Boris: The Plastic Populist | Mario Laghos

For those who take an interest in public opinion, the lockdown has been disastrous. Anyone who wants a holistic view of the zeitgeist could in ordinary times collate it across pubs, clubs, coffee shops, at the school gates, in the workplace and elsewhere. But now we are all consigned to our lockdown pods, having dutifully assumed our new role as consumer-workers, we are more reliant than ever on the swamp of social media to culture our understanding of the public mood. That being the case it’s hard to ignore the latest and greatest histrionic guff emerging from the Twitterati, who in the wake of Trump melting down to reveal the visage of a mad brain in a jar dripping in orange wax, have decided that their new meme is to put the British PM side by side with populists in order to dunk on him.

Piers Morgan recently proffered an example of this new trend, posting a picture of Boris Johnson glad-handing Trump at a NATO summit, captioned thusly: ‘Two countries led by populist blustering bullsh*tters who never took it [COVID-19] seriously enough & whose handling of the crisis has been absolutely appalling from start to finish’. A profound observation if ever there was one. If you have ever had the pleasure of perusing Corbyn-supporting Facebook groups, as opposed to something more fulfilling, like collecting twigs, you’ll already be familiar with this type of comparison since its from such places that the trend emerged. Recently I witnessed a specimen which placed the Prime Minister alongside Nazi collaborator William Joyce, accompanied by elucidating parallels such as ‘Both born in New York’. Of course, the point of all this nonsense is to use the stench of a Trump, Donald Snr. typically, or some other populist to score petty points against the Prime Minister.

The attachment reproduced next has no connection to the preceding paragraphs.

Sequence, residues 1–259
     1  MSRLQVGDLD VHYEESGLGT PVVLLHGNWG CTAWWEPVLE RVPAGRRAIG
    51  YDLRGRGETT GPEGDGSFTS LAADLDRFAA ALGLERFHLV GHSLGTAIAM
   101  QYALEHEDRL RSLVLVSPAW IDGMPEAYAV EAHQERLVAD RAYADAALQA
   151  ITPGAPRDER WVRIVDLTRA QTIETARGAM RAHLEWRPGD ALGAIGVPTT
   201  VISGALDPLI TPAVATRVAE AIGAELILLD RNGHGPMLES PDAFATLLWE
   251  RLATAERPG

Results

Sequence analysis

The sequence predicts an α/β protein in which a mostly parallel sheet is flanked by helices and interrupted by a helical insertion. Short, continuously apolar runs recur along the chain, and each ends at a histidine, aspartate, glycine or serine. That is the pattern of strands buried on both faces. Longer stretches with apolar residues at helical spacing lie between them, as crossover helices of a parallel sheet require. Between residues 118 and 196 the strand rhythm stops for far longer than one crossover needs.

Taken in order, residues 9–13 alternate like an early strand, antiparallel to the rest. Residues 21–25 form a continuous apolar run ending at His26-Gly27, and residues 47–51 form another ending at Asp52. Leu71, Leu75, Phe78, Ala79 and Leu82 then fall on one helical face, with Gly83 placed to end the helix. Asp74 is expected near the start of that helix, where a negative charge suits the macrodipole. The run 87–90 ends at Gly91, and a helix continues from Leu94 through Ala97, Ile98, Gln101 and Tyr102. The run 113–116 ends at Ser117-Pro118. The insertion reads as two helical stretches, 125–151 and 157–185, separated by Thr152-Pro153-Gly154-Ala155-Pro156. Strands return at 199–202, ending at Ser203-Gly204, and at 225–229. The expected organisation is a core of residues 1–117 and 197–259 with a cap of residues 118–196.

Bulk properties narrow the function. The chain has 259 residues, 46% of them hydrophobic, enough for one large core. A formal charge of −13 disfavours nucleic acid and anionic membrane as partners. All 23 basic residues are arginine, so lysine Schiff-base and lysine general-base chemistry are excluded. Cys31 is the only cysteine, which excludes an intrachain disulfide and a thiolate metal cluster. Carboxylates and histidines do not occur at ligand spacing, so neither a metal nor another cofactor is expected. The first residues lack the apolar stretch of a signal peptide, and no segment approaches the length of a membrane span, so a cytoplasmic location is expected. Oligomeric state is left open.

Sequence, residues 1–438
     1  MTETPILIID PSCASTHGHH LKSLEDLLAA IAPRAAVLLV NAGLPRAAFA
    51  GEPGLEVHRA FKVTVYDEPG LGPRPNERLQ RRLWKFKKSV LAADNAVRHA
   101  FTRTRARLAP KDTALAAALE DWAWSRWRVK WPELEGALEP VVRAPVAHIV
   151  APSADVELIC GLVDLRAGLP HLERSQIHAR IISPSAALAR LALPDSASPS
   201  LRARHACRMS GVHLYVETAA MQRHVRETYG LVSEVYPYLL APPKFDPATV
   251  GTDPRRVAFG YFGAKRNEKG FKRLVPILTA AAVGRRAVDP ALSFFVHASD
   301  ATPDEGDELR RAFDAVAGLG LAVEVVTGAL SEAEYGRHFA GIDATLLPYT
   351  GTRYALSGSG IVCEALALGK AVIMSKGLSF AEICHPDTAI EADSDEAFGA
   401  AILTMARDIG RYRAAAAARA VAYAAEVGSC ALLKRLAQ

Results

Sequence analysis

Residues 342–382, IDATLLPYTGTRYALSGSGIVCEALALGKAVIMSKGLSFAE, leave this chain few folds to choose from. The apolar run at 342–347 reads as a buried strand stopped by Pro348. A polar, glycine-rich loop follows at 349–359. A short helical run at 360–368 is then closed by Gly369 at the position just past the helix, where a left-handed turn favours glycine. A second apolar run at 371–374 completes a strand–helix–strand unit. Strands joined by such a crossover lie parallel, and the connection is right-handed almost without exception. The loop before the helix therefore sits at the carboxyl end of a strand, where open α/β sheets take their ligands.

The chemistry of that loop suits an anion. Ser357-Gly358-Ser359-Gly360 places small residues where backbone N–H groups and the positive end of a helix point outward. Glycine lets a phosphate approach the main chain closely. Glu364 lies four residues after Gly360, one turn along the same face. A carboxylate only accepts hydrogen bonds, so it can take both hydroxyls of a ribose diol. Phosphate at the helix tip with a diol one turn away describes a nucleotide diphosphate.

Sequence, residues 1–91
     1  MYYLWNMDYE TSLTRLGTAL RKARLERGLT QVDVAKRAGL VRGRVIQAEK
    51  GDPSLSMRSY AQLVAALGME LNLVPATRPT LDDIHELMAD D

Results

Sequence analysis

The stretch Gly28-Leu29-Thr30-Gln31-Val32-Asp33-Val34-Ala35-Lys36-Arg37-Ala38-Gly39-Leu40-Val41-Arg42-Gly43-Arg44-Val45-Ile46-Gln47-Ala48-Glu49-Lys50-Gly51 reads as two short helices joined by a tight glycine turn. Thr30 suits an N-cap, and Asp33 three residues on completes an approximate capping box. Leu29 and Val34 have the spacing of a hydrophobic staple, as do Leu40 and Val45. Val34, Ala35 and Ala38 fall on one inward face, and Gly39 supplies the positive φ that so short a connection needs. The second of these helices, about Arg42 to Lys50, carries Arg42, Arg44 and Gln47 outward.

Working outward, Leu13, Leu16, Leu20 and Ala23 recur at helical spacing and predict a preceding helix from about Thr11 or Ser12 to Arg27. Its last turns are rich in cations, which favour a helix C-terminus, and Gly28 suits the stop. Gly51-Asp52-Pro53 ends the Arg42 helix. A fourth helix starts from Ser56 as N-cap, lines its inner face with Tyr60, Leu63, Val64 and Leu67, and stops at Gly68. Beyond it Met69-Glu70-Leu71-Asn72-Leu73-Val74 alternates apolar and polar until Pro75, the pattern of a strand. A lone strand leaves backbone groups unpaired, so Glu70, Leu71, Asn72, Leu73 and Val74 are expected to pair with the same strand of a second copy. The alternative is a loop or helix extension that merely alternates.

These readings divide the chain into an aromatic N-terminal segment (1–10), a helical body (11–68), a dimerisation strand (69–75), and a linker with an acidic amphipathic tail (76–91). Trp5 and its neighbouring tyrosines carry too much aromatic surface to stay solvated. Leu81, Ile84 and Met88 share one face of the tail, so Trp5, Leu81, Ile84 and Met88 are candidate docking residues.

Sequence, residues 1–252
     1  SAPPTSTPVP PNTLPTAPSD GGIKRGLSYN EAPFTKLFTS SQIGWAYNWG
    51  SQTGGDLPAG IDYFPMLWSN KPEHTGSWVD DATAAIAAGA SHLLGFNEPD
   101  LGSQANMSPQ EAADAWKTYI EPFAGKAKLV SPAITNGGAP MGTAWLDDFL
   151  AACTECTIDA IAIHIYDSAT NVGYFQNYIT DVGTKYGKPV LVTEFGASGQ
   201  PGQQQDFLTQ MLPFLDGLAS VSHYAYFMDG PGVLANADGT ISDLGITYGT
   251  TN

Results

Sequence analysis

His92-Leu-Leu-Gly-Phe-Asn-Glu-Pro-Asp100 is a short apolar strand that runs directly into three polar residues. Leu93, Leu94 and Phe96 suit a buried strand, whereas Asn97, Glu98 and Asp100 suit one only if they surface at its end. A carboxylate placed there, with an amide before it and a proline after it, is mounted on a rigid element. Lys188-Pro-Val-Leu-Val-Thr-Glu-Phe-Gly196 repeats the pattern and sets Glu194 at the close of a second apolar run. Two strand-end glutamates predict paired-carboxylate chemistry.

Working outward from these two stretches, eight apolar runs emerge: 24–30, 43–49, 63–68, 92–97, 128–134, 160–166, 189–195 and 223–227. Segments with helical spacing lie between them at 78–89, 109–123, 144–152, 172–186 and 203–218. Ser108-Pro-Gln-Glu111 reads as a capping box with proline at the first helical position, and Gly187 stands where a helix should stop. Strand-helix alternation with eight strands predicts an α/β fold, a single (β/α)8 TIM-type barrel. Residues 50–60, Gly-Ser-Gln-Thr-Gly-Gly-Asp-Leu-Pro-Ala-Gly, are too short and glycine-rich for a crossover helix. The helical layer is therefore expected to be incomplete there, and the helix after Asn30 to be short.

Boris undoubtedly came on strong to populism in the wake of his ascension to the leadership of the Conservative party. I suppose he can’t be too miffed that having flirted so strongly with populism, only to drop it like a stone, that its lovers are scorned. And the lovers are numerous on the left, amongst a particular class of the virtual commentariat who are desperate for a right-wing populist to define themselves against. Unfortunately for them, there is a supply side problem, in the UK at least.  Their coping mechanism is to pretend the break up never happened and carry on as things were before, as though infected by a viral form of cognitive dissonance.

But who can blame them when the Prime Minister was such a promising candidate? He prorogued parliament and was subsequently found to have ‘acted unlawfully’ in so doing. That’s a big check mark against undermining the rule of law and democratic institutions. He sacked a bunch of his own MPs for continually forgetting the result of the Brexit referendum – check! Mauritius started moaning about British possession of the Chagos Archipelago and he told them that Britain would surrender those islands only when the protoplasmic dust of a thousand suns collides with the imprecating thwack of a supernova prompting the imperturbation of the 3rd dimension – check! He didn’t actually say that, but he did stand fast on the question of British sovereignty over the Archipelago, which is good enough.